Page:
Low income women to lose up to £2000 from tax and benefit changes
EMBARGOED UNTIL 0.01 HOURS SUNDAY 20th NOVEMBER 2016
New modelling by the Women’s Budget Group examining the impact of tax and benefit changes since 2010 on men and women’s incomes finds that cumulatively by 2020:
- Lower income groups stand to lose much more, and women more than men in each income decile group except the 10% poorest where both lose out almost equally. Women in the lowest 20% of households stand to lose up to 15% of their individual income by 2020.
- Even at the top of the income distribution women will lose out more than men, with men in the highest decile group actually gaining in cash terms.
- In cash terms, women in the second poorest 10% of households will lose on average £2000 a year by 2020 (15% of their individual income and 12% of their household income). This compares to men in the top 10% of households, who are set to find their net income increase by £329 compared to if the tax and benefit policies in place in March 2010 had continued to 2020.
- The main factor driving the changes are the successive cuts and freezes in benefits and the failure of measures such as the introduction of the National Living Wage and raising of personal tax allowance to compensate those in the lower income groups. In particular, the roll-out of Universal Credit will make people worse off than if the tax credits system (and the reversed cuts conceded last Autumn) had been continued.
Commenting on the findings, Dr Neitzert said:
“The evidence is clear: women, especially those on low incomes, have shouldered the largest burden of austerity measures. Overall, women stand to lose twice as much as men by 2020 and for those on the lowest incomes this means a cut in living standard of between 18 and 20 percent.
“These results come just days after the Women and Equalities Select Committee described HM Treasury’s Equalities Analysis as ‘insubstantial and lacking in detail’ and documented the repeated refusal of Ministers to engage with the Committee. This begs an obvious question: are the HM Treasury and its Ministers deliberately seeking to hide these inconvenient truths?
“The Treasury has a legal obligation under the Public Sector Equality Duty to have due regard to the impact of its policies on equality but it doesn’t seem keen to do this in any meaningful way. Women’s Budget Group has repeatedly shown that such an analysis is technically possible. There are no excuses: if the HM Treasury wants to understand the impact of its decision-making on different groups in society, the tools and methodologies are there.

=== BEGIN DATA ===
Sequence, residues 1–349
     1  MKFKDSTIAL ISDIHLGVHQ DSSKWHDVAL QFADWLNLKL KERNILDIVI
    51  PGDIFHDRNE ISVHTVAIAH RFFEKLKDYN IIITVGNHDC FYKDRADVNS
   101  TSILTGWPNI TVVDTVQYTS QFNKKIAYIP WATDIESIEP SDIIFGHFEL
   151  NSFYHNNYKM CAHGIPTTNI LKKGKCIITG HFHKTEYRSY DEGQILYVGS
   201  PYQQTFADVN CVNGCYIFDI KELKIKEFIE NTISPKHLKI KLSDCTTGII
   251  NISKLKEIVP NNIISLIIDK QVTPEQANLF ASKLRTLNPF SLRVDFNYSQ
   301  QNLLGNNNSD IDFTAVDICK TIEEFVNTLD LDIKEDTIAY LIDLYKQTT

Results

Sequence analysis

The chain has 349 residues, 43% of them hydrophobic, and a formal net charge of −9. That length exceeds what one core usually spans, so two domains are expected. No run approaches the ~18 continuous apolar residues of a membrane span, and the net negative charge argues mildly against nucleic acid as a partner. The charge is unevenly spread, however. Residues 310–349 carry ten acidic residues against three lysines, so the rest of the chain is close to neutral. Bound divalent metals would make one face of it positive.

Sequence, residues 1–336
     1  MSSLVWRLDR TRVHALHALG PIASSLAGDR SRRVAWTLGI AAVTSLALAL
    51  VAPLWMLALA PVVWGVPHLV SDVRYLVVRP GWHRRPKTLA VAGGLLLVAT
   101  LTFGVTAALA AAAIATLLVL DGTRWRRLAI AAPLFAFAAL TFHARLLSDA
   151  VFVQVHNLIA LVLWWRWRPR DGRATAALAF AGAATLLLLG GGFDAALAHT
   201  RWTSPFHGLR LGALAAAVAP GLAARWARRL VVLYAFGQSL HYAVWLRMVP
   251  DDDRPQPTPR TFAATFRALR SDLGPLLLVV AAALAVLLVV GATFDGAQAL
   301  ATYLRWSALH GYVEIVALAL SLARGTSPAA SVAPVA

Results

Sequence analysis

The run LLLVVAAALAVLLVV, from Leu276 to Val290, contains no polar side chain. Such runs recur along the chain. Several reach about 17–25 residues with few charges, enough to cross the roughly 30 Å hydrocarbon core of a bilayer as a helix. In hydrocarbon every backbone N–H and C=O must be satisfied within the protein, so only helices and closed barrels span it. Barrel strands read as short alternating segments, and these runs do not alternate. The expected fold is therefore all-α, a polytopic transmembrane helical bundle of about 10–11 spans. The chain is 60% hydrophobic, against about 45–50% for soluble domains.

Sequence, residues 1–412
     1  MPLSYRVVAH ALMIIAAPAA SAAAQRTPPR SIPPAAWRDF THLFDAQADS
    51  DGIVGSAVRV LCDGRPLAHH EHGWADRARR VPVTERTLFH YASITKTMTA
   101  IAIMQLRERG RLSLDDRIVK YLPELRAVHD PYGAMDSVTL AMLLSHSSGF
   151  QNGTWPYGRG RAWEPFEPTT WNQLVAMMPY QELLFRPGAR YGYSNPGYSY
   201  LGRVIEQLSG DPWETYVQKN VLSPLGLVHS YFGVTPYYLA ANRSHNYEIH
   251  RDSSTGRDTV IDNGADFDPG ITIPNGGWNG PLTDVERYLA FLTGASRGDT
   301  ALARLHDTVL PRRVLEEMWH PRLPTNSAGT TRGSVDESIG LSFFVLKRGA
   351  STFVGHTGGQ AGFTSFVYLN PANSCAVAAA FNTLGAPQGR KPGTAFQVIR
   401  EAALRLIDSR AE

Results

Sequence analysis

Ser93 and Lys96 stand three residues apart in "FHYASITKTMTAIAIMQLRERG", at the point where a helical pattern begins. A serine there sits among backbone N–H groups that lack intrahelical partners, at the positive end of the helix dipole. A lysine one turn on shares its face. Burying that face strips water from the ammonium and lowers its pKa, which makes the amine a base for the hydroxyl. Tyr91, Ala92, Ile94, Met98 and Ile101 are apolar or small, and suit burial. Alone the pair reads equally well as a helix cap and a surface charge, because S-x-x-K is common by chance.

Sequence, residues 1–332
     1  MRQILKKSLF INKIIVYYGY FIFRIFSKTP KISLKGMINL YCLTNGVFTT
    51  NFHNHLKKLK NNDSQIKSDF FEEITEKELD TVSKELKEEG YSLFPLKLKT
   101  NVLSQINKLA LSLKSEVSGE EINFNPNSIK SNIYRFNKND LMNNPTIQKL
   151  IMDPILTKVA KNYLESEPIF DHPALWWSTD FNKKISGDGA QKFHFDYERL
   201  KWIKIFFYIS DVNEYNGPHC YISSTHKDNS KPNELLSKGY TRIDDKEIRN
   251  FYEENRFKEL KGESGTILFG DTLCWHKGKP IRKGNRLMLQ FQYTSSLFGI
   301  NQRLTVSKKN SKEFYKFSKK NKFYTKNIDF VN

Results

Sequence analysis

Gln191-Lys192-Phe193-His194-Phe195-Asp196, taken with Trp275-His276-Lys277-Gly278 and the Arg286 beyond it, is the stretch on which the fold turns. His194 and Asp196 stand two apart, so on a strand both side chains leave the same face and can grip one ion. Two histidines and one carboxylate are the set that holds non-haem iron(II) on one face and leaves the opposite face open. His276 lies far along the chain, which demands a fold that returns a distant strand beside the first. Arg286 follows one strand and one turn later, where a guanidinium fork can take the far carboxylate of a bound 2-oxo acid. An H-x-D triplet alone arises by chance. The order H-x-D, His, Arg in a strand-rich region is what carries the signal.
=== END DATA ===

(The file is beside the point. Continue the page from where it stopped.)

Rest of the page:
“It may be that under a new Chancellor the Treasury will be more forthcoming about the equality impact of this year’s Autumn Financial Statement. We certainly hope that Phillip Hammond will heed the Women and Equalities Committee’s call for greater transparency from the Treasury. “Given the reluctance by the previous Chancellor, however, the Women’s Budget Group will again be analysing the impact of the AFS announcements on different groups. For the first time, we will be partnering with race equality thinktank, the Runnymede Trust, to provide a breakdown of the winners and losers by income, ethnicity and race, gender and disability”
Notes to Editors
- The modelling uses the Landmann Economics simulation tool to analyse the impact of tax/benefit changes against a baseline of policies in place prior to the Coalition government taking office in 2010. Results are for England only. The model accounts for all changes up to, and including, the 2016 March budget.
- The Women’s Budget Group will be responding to the Autumn Financial Statement on the day and publishing its distributional impact assessment jointly with the Runnymede Trust on Friday 25th November.
- For more information, contact Eva Neitzert on email@example.com 07908 111344 or Mary-Ann Stephenson on 07957 338582. Twitter @WomensBudgetGrp
Appendix: Data table and graphs
Data table (for both graphs): Impact of tax/benefit changes on men’s and women’s incomes in cash and percentage terms, 2020 (compared to a baseline of policies in place March 2010)
Graph 1: Cumulative real-term change in individual taxes and cash benefits by gender and household income decile group (£, 2010-20)
Graph 2: Cumulative real term change in individual taxes and cash benefits as a proportion of individual disposable income by gender and household income decile group (2010-20)